Brett Poirier and Mark Howell · Wednesday September 11, 2013
Welcome back to Side By Side. There are always two sides to every story, and we’re going to bring them both, right here, every week. Two of our staff writers will face off on an important racing question … feel free to tell us what you think in the weekly poll, and also in the comments section below!
This Week’s Question:Did NASCAR make the right call on the penalties to Michael Waltrip Racing, effectively putting Ryan Newman in the Chase?
Brett Poirier, Senior Writer: Good Call, NASCAR
NASCAR has made more bad calls than good ones this year, but this one they got right.
Clint Bowyer’s intentional spin at the end of Saturday’s race at Richmond certainly received more attention than any spin in recent memory because of the Chase implications involved, but it was far from the first time a driver spun intentionally to manipulate a race, or even the Chase for that matter.
In 2011, Paul Menard taught Clint Bowyer how to perfect the spin off of Turn 4 at Richmond. Menard spun intentionally to give his Richard Childress Racing teammate, Kevin Harvick, another shot at beating Jeff Gordon. Gordon was better on the long runs and Harvick was better on short runs, so Menard spun late and brought out the caution, and Harvick beat Gordon on the restart and held off Carl Edwards for the win. The move didn’t change who was in the Chase, but it gave Harvick three extra bonus points heading in.
NASCAR did nothing. They said there was no evidence that Menard’s spin, which mirrored Bowyer’s, was intentional, and RCR got away with one. That’s why it wasn’t a shock that two years later, another organization pulled the same move. Michael Waltrip Racing wasn’t exactly cat-like in stealing Martin Truex, Jr. a Chase spot. The radio communication for Brian Vickers and Bowyer was idiotic. It sounded like something scripted by a five-year-old. MWR was obvious in their intent to manipulate the race — pitting Bowyer and Vickers over and over for no reason — because they thought the governing body wouldn’t do anything, because they hadn’t before.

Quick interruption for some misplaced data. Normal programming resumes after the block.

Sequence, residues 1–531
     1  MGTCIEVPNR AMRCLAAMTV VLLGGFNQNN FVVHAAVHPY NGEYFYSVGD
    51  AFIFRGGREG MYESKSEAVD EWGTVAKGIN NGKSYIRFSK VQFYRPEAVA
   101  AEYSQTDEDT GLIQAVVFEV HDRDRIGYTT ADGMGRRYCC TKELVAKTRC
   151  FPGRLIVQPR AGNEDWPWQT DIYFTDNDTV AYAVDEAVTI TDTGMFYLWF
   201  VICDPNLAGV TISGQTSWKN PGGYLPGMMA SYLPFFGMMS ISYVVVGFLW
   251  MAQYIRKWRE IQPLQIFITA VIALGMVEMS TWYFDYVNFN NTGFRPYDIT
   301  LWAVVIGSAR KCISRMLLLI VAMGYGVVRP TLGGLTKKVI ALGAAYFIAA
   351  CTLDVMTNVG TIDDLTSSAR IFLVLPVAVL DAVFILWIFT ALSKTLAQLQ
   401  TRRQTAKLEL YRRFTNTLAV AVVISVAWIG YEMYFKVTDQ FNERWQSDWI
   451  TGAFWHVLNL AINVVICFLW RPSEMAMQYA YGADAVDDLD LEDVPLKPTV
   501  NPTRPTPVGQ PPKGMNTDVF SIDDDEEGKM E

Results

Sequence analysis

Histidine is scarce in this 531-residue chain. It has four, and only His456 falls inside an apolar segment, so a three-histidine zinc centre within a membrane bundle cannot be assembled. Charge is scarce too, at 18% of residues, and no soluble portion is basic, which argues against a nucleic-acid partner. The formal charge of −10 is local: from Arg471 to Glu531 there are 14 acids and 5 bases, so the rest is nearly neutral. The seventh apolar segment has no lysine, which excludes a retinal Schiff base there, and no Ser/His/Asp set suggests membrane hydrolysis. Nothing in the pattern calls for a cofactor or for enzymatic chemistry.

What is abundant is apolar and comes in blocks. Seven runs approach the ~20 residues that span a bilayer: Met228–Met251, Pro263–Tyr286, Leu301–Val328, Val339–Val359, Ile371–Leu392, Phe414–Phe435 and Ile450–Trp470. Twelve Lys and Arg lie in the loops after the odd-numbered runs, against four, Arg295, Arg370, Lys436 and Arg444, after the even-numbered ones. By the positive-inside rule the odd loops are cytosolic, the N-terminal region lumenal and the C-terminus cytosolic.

This time they did… finally. The ruling is not perfect, but no NASCAR ruling ever is. Ryan Newman wasn’t the only one possibly screwed out of a Chase spot on Saturday. Gordon was impacted as well, and the ruling did nothing to benefit him. He still ends up screwed (no surprise there). But there was no action NASCAR could’ve taken that would’ve made all parties happy. If they somehow decided it would be just to put Gordon in the Chase, then Newman would be out.
Let’s take a look at the penalties: MWR general manager Ty Norris, the main culprit in planning these late race dives for the No. 15 and No. 55, was indefinitely suspended. MWR not only lost a car from the Chase and the payout that comes with it, but was fined $300,000 on top of that.
Each team was also docked 50 points. In Bowyer’s case, the point deduction will make no impact, but do you really think he is going to win the Chase after what happened? Barring Gordon doesn’t run him over in every race, this guy is shaken by his own actions and he’s going to have a target on his back for at least the next 10 races.
The ruling wasn’t perfect, but it certainly accomplished its goal. A team is going to think twice before it pulls any behavior like what we saw on Saturday again.
“We penalize to not have this happen again,” NASCAR president Mike Helton said. “It’s a message from the league saying, ‘You can’t do this.’ ”
And the message was heard loud and clear.
Mark Howell, Senior Writer: Too Little, Too Late